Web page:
For animate objects, the rule is much more…cut and dry (sorry). Avoid cropping animate objects at joints (knees, elbows, wrists, neck, hips, ankles, etc.). Cropping at joints gives off an uneasiness in the visual.
Put another way, cropping at a joint implies that there’s nothing beyond the joint. Of course we know there’s more; but placing a joint on the trim acts as a full visual stop. We know better; but as readers, we take your lead. If you’re visually telling us there’s nothing beyond the joint, we will believe you.
I’m sure there’s a more concise, perhaps even physiological, explanation; but take my word for it.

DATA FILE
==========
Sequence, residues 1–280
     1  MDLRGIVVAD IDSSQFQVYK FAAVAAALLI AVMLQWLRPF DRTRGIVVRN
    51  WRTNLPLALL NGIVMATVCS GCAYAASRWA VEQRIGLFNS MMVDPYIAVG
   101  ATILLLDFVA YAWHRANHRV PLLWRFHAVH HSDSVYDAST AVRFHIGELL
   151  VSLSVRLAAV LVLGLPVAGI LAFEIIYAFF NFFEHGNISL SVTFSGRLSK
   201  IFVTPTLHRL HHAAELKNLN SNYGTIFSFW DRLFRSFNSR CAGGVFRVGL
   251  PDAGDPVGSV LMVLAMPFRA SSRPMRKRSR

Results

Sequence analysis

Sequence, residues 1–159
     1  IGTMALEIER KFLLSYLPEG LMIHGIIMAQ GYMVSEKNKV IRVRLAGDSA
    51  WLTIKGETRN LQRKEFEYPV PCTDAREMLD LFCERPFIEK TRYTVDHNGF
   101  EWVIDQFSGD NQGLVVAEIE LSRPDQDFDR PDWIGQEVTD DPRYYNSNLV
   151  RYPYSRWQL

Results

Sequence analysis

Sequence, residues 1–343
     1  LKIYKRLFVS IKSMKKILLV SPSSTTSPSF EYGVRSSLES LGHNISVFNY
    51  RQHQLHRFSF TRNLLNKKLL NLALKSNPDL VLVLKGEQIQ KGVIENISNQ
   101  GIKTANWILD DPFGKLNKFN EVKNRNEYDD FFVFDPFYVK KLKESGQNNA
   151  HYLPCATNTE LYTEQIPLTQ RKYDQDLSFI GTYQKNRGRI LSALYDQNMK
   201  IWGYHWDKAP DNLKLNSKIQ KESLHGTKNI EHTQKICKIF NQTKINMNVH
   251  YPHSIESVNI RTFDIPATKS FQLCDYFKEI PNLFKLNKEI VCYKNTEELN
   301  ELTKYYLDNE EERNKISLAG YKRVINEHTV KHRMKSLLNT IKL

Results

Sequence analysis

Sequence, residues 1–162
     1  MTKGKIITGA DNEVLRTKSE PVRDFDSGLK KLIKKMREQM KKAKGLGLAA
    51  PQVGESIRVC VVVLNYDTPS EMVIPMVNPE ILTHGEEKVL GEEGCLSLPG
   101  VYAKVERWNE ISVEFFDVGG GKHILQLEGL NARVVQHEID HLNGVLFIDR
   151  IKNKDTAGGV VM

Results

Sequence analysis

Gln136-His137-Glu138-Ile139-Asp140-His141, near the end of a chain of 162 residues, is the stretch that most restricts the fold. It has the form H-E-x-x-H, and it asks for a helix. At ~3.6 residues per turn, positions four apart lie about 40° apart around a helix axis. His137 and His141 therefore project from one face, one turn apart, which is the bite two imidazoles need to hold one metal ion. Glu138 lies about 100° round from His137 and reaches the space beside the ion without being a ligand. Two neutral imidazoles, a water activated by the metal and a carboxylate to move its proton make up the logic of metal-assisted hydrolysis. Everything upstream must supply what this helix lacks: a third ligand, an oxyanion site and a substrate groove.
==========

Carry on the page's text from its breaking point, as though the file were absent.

Instead, show at least some information beyond the joint. Crop at shins (which I don’t like, but at least it feels better); crop at thighs; crop at upper arms, chest, stomach, the middle of the face. One exception is cropping slightly above and below the wrist and ankle. There’s no reason to lob off just the hand or foot.
Yes, there are exceptions (there are always exceptions). But following these general cropping guidelines will save you hours of revisions.
I wouldn’t be surprised if composition was higher up on other art directors’ lists. I would place it higher if mistakes 1 through 4 didn’t happen more often.